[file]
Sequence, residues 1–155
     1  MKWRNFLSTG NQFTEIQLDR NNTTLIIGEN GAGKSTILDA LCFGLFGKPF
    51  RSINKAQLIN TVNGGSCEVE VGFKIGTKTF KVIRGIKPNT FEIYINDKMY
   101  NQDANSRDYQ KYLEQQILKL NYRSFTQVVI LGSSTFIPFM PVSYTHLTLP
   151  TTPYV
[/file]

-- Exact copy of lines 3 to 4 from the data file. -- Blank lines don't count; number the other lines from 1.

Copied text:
    51  RSINKAQLIN TVNGGSCEVE VGFKIGTKTF KVIRGIKPNT FEIYINDKMY
   101  NQDANSRDYQ KYLEQQILKL NYRSFTQVVI LGSSTFIPFM PVSYTHLTLP